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Oxidative Medicine and Cellular Longevity
Volume 2016, Article ID 2019643, 7 pages
Clinical Study

Magnesium Supplementation Diminishes Peripheral Blood Lymphocyte DNA Oxidative Damage in Athletes and Sedentary Young Man

1Department of Physiology, University of Belgrade, Faculty of Pharmacy, 11121 Belgrade, Serbia
2Department of Medical Biochemistry, University of Belgrade, Faculty of Pharmacy, 11121 Belgrade, Serbia

Received 24 September 2015; Accepted 11 February 2016

Academic Editor: Paola Venditti

Copyright © 2016 Jelena Petrović et al. This is an open access article distributed under the Creative Commons Attribution License, which permits unrestricted use, distribution, and reproduction in any medium, provided the original work is properly cited.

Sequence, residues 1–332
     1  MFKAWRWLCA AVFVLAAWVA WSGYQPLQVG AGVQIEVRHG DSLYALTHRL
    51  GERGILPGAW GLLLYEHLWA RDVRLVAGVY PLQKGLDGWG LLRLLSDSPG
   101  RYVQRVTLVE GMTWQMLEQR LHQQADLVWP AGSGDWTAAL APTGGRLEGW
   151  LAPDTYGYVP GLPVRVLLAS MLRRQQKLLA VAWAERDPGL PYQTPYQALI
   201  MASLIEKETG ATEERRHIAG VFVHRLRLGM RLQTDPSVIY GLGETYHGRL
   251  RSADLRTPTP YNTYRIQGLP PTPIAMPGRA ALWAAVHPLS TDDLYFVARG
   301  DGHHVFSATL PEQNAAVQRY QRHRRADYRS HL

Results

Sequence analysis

Sedentary lifestyle is highly associated with increased risk of cardiovascular disease, obesity, and type 2 diabetes. It is known that regular physical activity has positive effects on health; however several studies have shown that acute and strenuous exercise can induce oxidative stress and lead to DNA damage. As magnesium is essential in maintaining DNA integrity, the aim of this study was to determine whether four-week-long magnesium supplementation in students with sedentary lifestyle and rugby players could prevent or diminish impairment of DNA. By using the comet assay, our study demonstrated that the number of peripheral blood lymphocytes (PBL) with basal endogenous DNA damage is significantly higher in rugby players compared to students with sedentary lifestyle. On the other hand, magnesium supplementation significantly decreased the number of cells with high DNA damage, in the presence of exogenous H2O2, in PBL from both students and rugby players, and markedly reduced the number of cells with medium DNA damage in rugby players compared to corresponding control nonsupplemented group. Accordingly, the results of our study suggest that four-week-long magnesium supplementation has marked effects in protecting the DNA from oxidative damage in both rugby players and in young men with sedentary lifestyle. Clinical trial is registered at ANZCTR Trial Id: ACTRN12615001237572.